Tags:From the press release:
The North Carolina New Schools Project is one of 30 organizations nationwide that have been awarded five-year grants from the U.S. Department of Education to train non-education graduates to teach in high-needs schools.
The Education Department has awarded $12.8 million for the first year of the 30 proposals under its Transition to Teaching Program, including nearly $420,000 to the N.C. New Schools Project. The total cost for the full five years of the program is $2.7 million.
NCNSP’s initiative will focus on training teachers in innovative and effective instruction of subjects considered critical for strong high school preparation in the 21stcentury – science, technology, engineering and math – STEM in shorthand. Candidates in the program will receive a year of on-the-job training at a non-traditional school supported by NCNSP, combined with online coursework through WIDE World, a professional development program of the Harvard Graduate School of Education.
“There is a significant shortage of professionals who are skilled and experienced in the fields of science and math, but there is an even more profound shortage of educators who have the talent, interests and background to teach math and science,” said Candis Hagaman, principal of Caldwell Early College High School, one of four NCNSP-affiliated schools that will host the first cohort of STEM teacher-trainees.
Nearly 200 new teachers in STEM-related disciplines would be trained over the full five years of the program. Initially, the teacher apprenticeships will be offered at four schools that form the Learning Laboratory Initiative, a joint effort of the University of North Carolina and NCNSP that is aimed at showcasing the kind of teaching and learning that ensures all students graduate ready for college, careers and life. The four schools have demonstrated success in improving student achievement, eliminating dropouts and increasing the job satisfaction of teachers. Starting this fall, the schools are hosting study visits from educators at other schools to learn about innovative practices that are proving successful in boosting student engagement and outcomes.
Under the Transitions to Teaching initiative, each of the four Learning Lab schools will begin in the fall of 2012 to accommodate four teacher candidates, who will be paired with experienced teachers as mentors during the yearlong apprenticeships. The goal for the first year calls for 16 newly licensed teachers ready for classrooms in NCNSP-affiliated schools.
During each of the following two years, in 2013 and 2014, four additional schools will participate in NCNSP’s Innovative Pathways to STEM Teaching Careers, totaling 12 schools in all. The ultimate goal of the program is to prepare 48 teachers a year for STEM-related courses, primarily in NCNSP-affiliated schools in districts with the highest rates of under-qualified teachers.
Candidates for the tuition-free program will be drawn from recent college graduates and mid-career professionals in STEM-related fields. The program is aimed at ensuring that new teachers are well equipped to deliver integrated, project-based STEM learning experiences. After completing the program and three years of teaching, the new teachers would be licensed under state rules. NCNSP is now working with the Caldwell County school system and the State Board of Education to gain approval of the new alternative entry program.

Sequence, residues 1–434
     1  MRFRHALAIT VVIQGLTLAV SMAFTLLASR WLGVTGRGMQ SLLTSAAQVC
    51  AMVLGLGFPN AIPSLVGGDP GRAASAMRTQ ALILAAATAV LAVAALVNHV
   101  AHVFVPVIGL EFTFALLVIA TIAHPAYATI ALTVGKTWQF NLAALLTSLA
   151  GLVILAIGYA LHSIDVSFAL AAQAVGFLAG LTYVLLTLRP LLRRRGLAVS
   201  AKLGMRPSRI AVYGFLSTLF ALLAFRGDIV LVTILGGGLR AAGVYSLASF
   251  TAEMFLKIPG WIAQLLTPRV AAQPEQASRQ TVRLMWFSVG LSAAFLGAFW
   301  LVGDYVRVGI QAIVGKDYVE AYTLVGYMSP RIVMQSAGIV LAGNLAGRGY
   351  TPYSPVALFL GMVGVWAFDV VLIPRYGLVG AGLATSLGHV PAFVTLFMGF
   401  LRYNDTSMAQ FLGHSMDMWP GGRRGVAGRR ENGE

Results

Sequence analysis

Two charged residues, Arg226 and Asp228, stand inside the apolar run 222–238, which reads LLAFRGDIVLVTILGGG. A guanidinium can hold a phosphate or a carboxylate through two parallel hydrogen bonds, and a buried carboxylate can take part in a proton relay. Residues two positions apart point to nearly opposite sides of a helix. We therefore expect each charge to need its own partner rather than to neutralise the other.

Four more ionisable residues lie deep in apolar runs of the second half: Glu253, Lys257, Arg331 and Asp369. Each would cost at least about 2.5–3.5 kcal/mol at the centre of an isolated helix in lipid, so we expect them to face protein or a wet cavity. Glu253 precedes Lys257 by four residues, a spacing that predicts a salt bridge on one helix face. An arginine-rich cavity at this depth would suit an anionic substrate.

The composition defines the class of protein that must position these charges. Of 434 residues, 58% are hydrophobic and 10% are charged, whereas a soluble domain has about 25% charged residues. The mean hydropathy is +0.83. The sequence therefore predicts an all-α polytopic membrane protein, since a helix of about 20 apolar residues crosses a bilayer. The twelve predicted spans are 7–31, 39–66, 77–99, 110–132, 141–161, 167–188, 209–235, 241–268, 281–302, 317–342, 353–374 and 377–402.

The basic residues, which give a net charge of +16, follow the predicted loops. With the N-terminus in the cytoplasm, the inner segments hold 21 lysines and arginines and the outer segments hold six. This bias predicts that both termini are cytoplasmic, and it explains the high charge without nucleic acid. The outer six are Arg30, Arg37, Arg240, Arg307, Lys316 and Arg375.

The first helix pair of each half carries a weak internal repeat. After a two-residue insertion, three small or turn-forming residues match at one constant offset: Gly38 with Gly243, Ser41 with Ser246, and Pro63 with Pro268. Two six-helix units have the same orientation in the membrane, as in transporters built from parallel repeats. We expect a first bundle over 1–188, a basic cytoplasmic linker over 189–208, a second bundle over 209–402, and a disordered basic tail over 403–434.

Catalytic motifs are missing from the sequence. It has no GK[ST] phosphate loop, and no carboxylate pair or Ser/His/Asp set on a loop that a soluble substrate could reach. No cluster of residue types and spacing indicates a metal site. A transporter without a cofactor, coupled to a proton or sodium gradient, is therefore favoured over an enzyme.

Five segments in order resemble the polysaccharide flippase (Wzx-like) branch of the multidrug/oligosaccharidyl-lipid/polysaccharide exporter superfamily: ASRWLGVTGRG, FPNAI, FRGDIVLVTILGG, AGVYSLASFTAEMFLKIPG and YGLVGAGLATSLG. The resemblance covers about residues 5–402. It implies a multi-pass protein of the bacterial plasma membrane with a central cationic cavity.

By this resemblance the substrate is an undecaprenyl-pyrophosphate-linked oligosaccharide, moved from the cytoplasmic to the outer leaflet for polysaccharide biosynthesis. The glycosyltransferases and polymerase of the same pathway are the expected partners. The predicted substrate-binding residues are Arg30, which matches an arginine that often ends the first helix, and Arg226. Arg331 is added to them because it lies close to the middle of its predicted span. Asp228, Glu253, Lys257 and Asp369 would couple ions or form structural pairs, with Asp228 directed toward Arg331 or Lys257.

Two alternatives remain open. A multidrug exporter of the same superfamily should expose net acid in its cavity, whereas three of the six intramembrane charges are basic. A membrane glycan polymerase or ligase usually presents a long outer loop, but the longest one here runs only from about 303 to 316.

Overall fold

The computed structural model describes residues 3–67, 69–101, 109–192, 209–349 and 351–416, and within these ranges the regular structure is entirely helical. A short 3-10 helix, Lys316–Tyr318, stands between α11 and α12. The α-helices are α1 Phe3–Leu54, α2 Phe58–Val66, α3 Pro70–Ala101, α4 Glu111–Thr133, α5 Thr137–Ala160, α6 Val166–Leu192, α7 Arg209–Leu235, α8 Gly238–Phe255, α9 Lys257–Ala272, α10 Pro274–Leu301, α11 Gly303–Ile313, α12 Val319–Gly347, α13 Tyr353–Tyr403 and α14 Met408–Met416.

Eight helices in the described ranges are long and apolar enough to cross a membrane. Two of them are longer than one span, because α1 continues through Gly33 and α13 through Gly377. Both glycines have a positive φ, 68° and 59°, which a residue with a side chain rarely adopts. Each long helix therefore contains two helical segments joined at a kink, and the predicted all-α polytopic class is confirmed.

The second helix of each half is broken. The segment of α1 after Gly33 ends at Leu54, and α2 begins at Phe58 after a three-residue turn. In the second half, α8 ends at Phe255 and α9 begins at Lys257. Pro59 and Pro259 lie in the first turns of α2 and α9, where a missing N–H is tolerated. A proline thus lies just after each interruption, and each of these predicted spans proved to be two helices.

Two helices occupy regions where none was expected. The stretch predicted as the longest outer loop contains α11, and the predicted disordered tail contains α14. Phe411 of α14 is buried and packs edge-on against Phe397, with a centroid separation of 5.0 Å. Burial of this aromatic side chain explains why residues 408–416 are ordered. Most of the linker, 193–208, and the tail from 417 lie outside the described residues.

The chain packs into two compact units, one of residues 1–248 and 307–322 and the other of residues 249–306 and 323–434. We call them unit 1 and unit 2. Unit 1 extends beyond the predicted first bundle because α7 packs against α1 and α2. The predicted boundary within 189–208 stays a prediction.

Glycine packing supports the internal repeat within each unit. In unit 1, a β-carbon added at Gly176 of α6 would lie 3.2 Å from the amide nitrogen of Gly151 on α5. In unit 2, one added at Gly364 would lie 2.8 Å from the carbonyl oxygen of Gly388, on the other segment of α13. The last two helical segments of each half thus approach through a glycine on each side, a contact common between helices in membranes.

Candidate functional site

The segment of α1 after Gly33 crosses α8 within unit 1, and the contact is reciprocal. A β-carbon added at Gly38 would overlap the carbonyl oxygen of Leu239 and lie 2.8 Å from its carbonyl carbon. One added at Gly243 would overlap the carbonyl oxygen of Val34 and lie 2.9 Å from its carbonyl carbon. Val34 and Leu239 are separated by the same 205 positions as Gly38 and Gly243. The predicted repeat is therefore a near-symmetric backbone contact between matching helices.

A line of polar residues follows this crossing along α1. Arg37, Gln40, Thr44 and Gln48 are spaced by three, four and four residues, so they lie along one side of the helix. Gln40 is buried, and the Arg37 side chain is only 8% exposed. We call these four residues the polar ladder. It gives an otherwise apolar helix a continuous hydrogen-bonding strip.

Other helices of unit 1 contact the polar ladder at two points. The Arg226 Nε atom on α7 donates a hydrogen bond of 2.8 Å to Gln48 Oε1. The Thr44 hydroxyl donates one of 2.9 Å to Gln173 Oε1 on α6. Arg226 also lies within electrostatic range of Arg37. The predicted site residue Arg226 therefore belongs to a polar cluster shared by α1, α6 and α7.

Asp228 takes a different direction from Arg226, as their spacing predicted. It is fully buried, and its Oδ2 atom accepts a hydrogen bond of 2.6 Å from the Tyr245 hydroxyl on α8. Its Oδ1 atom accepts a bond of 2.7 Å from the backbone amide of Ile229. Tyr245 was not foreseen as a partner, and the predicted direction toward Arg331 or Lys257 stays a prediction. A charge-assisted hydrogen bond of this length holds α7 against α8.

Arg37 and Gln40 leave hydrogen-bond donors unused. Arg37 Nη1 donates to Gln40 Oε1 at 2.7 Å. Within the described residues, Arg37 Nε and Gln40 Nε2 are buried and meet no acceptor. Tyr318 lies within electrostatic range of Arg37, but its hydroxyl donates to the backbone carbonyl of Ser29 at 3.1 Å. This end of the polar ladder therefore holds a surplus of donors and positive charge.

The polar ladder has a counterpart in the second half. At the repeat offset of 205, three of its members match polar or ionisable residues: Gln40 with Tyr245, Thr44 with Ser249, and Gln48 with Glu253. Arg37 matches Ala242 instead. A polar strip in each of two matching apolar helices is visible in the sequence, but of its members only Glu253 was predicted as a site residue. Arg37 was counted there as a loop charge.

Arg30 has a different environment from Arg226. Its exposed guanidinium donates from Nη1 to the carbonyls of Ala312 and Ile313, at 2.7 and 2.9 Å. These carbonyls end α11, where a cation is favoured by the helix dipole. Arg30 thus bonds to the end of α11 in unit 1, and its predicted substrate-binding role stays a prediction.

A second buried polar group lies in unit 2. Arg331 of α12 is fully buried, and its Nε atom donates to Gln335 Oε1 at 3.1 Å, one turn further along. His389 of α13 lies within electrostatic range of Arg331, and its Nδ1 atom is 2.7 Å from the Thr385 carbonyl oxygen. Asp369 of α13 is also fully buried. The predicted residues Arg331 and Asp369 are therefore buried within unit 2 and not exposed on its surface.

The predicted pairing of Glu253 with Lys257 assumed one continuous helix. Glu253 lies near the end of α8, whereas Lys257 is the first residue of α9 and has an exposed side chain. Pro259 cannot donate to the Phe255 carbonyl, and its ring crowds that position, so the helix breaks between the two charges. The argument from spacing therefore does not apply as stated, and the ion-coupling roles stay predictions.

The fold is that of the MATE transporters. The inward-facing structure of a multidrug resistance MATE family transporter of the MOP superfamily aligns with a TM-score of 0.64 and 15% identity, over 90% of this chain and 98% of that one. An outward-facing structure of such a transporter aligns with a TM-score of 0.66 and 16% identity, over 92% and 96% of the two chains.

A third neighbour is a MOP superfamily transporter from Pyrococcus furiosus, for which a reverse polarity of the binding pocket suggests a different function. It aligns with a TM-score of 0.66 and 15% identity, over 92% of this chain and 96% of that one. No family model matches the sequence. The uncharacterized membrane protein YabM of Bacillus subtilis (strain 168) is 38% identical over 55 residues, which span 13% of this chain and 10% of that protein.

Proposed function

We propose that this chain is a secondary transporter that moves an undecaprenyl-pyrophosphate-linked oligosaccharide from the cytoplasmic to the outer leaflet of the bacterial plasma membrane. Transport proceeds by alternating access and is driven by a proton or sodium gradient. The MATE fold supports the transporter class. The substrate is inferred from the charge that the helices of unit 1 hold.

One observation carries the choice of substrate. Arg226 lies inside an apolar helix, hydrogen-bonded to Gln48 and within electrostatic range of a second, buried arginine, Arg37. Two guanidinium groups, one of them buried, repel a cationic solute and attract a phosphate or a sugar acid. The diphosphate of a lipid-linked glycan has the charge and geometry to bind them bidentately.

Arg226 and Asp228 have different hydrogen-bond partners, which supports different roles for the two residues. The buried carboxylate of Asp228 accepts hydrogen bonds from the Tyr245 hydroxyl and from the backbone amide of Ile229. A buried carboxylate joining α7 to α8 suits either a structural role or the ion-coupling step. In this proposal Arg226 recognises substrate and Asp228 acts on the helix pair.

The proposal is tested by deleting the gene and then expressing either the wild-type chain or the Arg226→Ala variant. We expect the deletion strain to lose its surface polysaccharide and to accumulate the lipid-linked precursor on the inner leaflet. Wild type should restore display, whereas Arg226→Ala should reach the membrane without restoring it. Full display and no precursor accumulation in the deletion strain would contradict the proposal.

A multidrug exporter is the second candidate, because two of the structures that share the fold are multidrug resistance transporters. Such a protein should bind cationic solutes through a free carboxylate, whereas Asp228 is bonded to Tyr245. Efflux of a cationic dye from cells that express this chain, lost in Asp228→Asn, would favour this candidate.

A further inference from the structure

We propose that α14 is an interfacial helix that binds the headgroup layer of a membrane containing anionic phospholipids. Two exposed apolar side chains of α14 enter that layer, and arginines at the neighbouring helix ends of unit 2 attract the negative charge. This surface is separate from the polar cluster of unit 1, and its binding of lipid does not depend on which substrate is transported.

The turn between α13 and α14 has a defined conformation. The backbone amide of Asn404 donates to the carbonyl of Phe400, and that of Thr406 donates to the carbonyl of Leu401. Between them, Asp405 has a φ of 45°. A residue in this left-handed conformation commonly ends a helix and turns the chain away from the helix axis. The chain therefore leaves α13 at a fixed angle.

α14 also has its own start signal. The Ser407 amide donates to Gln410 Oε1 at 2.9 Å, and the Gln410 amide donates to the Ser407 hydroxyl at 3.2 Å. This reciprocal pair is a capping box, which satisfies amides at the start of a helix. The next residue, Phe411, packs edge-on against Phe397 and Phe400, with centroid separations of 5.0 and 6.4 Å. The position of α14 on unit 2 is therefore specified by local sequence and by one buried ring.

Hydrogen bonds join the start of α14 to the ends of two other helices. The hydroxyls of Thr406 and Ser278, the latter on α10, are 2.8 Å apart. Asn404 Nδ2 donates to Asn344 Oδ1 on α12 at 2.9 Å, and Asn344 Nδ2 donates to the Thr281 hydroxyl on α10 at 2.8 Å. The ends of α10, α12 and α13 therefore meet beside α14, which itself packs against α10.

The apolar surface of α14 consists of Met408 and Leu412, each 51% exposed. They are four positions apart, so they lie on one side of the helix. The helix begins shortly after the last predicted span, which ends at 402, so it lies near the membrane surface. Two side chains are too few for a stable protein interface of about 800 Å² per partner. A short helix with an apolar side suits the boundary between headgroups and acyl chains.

NCNSP’s Transitions to Teaching program will blend classroom preparation in STEM-related subjects with the kind of innovative approaches followed by the Learning Lab schools now hosting study visits. The schools are characterized by an effective and unique culture in which all adults collaborate to support, deepen and extend student learning, across their schools and into their communities.
Each two-day study visit includes time spent in the rounds model of staff development, patterned after the approach used in training physicians, with focused opportunities for teachers and principals to observe specific teaching strategies in the classroom. The schools demonstrate interdisciplinary projects and community engagement in a context of inquiry and project-based learning that support high levels of learning for all students. Visiting educators also hear from faculty and students sharing their experiences shaped by rigorous academic focus and personalization.
In addition to Caldwell Early College, the other three Learning Lab schools are Cross Creek Early College High School in Fayetteville, Hillside New Tech High School in Durham and Wayne School of Engineering in Goldsboro.
The North Carolina New Schools Project is a statewide public-private partnership that accelerates systemic, sustainable innovation in North Carolina secondary schools. NCNSP works with the state, local school districts, businesses and communities to transform schools and ensure that every student graduates ready for college, careers and life. Visit NCNSP online at newschoolsproject.org.